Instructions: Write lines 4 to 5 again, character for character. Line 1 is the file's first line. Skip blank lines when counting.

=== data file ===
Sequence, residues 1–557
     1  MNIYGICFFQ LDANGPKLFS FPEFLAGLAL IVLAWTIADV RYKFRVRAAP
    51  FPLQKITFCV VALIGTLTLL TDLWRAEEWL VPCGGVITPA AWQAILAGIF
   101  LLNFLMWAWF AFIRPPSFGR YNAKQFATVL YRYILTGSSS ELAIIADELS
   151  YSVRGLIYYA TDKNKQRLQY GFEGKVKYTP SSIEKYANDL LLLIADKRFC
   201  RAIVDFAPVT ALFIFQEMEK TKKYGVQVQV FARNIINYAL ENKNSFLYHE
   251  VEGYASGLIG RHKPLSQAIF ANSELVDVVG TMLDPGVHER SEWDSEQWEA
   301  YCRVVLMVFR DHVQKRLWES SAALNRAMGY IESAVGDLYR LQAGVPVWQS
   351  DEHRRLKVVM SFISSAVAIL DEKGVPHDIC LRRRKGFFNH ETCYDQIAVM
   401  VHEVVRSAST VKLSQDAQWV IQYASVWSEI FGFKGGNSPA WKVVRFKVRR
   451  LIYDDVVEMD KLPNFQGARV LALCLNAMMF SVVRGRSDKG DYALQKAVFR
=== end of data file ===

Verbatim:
   101  LLNFLMWAWF AFIRPPSFGR YNAKQFATVL YRYILTGSSS ELAIIADELS
   151  YSVRGLIYYA TDKNKQRLQY GFEGKVKYTP SSIEKYANDL LLLIADKRFC